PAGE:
Wire Dog put his paws over his head. Here it comes, he thought. This Dejah Thoris is going to ruin the story by changing her clothes all the time and wearing lots of rings and necklaces. And dancing.
“Dejah Thoris, instead of having four arms like the Tharks, only had two and looked very much like humans, only her skin was bright red. She was from the city-state of Helium and wanted to get back home to her people. Like most people of Barsoom, she wore mostly armor and a sword and was a very skilled fighter.” Abigail closed her finger on her place in the book and said, “I like that, don’t you, Ellen? Dejah Thoris is smart and beautiful and strong. She does stuff! She doesn’t just sit around.”
Wire Dog said a soft ‘woof’ of agreement. Maybe this princess was going to be all right after all.
“Well, Captain Carter helps Dejah Thoris escape and they go back to Helium. But another city-state called Zodanga attacks Helium. So Captain John Carter calls his friends and allies the four-armed green Tharks to help, and the city is saved, yay! And Dejah Thoris falls in love with Captain Carter, and he falls in love with her.”
“Well, of course!” Ellen sighed. “They’re perfect for each other! Both of them are smart and strong. They live happily ever after, of course.”
“Well…” said Abigail. “Not exactly.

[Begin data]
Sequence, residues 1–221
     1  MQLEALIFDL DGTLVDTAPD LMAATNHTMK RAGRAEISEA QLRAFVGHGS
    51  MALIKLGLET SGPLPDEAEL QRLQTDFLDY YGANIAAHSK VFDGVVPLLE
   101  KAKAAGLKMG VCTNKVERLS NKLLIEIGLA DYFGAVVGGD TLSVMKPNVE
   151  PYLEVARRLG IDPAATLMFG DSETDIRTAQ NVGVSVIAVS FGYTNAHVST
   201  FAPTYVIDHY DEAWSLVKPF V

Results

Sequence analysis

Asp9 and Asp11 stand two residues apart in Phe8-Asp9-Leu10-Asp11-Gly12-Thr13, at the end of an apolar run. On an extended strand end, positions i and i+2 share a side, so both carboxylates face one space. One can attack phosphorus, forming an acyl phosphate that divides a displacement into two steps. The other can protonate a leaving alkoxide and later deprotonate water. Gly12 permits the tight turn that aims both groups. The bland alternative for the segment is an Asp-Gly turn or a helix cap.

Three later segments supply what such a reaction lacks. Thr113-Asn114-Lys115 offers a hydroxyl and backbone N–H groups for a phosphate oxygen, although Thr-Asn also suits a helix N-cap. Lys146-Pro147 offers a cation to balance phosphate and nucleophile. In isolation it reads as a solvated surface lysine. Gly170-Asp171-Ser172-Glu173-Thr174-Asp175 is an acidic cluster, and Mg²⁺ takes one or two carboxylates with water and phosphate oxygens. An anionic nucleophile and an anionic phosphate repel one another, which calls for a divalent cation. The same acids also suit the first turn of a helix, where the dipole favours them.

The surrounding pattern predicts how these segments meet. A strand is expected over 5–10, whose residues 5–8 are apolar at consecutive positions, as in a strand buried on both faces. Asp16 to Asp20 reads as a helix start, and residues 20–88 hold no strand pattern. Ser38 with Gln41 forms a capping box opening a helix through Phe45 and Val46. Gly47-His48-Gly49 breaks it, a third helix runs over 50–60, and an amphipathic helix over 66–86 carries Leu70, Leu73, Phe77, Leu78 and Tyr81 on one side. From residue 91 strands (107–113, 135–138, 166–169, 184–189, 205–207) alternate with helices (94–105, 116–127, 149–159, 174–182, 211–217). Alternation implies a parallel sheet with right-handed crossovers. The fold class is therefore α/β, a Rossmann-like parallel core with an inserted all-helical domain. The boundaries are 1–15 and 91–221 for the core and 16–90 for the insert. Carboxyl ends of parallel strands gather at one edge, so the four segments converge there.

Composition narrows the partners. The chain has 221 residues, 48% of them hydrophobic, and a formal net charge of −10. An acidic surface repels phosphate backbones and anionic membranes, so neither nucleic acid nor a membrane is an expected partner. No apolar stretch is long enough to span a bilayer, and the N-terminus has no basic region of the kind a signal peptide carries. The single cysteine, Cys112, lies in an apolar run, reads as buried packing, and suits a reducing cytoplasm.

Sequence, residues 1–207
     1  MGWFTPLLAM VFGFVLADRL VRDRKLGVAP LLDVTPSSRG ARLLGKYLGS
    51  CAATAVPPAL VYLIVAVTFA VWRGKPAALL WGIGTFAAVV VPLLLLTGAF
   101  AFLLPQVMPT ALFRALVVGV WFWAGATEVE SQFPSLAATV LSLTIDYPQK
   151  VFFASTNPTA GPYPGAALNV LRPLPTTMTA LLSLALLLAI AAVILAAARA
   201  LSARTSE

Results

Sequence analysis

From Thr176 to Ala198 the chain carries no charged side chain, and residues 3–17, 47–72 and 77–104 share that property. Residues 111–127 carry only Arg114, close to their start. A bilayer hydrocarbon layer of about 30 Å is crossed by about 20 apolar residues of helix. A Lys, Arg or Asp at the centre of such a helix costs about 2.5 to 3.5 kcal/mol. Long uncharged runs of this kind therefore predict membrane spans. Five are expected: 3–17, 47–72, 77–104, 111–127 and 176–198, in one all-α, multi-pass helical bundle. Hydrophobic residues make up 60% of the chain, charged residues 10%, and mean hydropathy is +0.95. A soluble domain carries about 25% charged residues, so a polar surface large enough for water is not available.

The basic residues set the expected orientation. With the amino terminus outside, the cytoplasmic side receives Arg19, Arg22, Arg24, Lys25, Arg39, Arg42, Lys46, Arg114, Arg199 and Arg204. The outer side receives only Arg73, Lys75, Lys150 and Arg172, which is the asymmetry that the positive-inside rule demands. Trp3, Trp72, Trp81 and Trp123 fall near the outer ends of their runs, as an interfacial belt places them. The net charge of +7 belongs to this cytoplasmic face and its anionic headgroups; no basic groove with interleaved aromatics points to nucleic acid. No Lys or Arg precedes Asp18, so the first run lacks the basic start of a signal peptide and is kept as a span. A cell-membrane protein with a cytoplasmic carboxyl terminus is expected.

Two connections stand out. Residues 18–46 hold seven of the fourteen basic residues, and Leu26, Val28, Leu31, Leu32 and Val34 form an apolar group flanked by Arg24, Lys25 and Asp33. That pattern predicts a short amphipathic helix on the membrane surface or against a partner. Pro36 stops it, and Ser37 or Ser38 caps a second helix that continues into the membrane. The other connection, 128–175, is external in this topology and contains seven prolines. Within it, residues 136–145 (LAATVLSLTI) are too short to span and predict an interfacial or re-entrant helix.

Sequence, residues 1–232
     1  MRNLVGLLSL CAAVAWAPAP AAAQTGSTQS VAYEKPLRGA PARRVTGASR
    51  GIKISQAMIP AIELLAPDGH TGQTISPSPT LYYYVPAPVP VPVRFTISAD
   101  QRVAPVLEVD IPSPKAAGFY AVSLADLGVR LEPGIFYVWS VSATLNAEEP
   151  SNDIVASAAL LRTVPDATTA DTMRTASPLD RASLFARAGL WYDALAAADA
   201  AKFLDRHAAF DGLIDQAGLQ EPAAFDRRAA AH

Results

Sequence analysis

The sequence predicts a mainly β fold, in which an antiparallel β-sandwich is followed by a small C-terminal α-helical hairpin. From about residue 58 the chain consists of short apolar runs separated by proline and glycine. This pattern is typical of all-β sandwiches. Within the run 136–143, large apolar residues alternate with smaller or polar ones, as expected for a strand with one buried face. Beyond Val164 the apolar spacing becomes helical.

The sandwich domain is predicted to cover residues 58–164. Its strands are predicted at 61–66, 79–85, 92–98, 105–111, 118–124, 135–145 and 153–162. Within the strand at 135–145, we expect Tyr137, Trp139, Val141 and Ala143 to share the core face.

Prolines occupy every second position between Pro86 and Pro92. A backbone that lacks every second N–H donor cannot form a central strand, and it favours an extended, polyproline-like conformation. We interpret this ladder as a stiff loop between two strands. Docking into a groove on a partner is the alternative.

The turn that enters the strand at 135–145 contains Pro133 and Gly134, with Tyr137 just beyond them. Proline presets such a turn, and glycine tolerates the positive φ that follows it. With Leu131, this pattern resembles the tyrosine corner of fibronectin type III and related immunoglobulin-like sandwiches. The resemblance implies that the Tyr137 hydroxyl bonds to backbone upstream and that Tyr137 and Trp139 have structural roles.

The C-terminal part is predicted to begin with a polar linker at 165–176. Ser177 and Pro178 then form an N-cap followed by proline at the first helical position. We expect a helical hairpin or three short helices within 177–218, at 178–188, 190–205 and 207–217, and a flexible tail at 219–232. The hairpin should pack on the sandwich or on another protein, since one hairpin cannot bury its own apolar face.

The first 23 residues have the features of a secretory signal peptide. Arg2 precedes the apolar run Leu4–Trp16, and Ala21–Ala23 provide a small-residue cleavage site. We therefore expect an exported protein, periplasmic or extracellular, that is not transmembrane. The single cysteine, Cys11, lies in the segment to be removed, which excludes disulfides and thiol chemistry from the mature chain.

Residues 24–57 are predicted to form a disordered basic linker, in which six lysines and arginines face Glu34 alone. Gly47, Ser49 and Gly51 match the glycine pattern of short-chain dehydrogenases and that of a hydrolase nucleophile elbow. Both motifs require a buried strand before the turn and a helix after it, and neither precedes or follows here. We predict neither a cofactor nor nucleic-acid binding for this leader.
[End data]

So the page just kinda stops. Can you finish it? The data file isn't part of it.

Wire Dog sat up straight. He’d been so interested in the story, and Abigail had told it so well, that for a few minutes he’d felt he was on Barsoom with Captain Carter and Dejah Thoris, the Princess of Mars. He’d even forgotten the slushy snow and dreary day.
“Woof woof?” he asked, which as everyone knows is dog language for ‘what happened to them?’
“Captain John Carter and Dejah Thoris live happily together…”
“I knew it!” yelled Ellen.
Abigail held up her hand. “…happily together for nine years. Then something bad happened to the Atmosphere Plant. That’s the machinery that keeps the air fresh on Barsoom so everyone can breathe,” she explained. “So of course, John Carter goes to investigate. Dejah Thoris wants to go with him, but she’s going to have their baby and can’t go. But John runs into trouble in the Atmosphere Plant and finds he can’t breathe. Then, after who knows how long, he wakes up.”